Cooking has evolved from a survival skill to an art form that many people are learning. Rukenthiran Rajarathanam is another good example of this.
Rukentiran is blind, but he has created his own identity as a chef along with other visually impaired chefs. He lost his eye sight six years ago as a result of glaucoma. Glaucoma is a condition that causes damage to the optic nerve in your eye due to a buildup of pressure inside your eye.
He used to work as a fibre optics splicer, but his eyesight caused him to lose his job. He was left in a terrible state and as a result of this, he was unable to see or work normally after that.
His family, on the other hand, became his support and held him back. He gradually gained the courage to dive into something he loved, cooking.
The 33-year-old has always had a love of food, and he has even travelled to different states in search of the best curry mee or durians.
Even if he was a foodie who had previously learned to cook, cooking when you’re blind can be difficult, so he started from scratch.
“I attended a course that taught me how to handle the tools needed while cooking, like the knives and the pans.
“It was very difficult to relearn everything, and I did get hurt a few times, but it helped me to learn how to cook again,” Rukentiran recalls of the process.
He gradually transitioned his passion into business. He opened the Blind Chefs Kitchen in mid-July and claims there is no turning back now that he is the head chef.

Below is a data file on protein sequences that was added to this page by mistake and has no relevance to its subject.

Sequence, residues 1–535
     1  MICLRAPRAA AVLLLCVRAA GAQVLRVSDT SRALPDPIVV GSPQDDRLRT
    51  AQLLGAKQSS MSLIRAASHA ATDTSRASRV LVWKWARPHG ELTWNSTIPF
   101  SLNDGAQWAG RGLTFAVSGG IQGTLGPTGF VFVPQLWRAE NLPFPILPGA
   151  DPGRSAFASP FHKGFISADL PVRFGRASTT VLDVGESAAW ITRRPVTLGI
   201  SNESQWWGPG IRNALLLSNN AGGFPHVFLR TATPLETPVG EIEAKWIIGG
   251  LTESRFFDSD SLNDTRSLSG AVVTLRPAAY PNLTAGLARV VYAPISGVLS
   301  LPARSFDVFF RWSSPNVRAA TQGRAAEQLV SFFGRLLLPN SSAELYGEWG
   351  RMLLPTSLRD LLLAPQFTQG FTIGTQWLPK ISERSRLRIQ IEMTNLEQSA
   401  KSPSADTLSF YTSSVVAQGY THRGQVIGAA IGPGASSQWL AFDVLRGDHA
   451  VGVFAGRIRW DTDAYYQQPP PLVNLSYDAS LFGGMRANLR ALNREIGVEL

He was joined by two other chefs, Moagan Danapal, 21, and Murugan Kumar, 27, who are also visually impaired but by birth. Saravanan Krishnan, the team’s fourth member, is not visually impaired.
In the kitchen, he not only uses his sense of touch to navigate, but he also uses his senses of hearing, taste, and smell to determine whether ingredients are fresh and cooked to the proper consistency and flavour.
Apart from running a cooking business as visually impaired individuals, what distinguishes them away from the competition is their exotic menus.
“We cook wild boar, rabbit, ostrich and even monitor lizards. We wanted to be rare chefs that make rare food.”
So, if you’re a foodie who enjoys exploring new, exotic varieties, we recommend that you try their food.
Blind Chefs Kitchen is currently open for self-pickup and deliveries from Tuesday through Sunday, with their exquisite wild boar biryani served as a special dish every Friday. To place an order, go to Blind Chefs Kitchen’s Facebook page.
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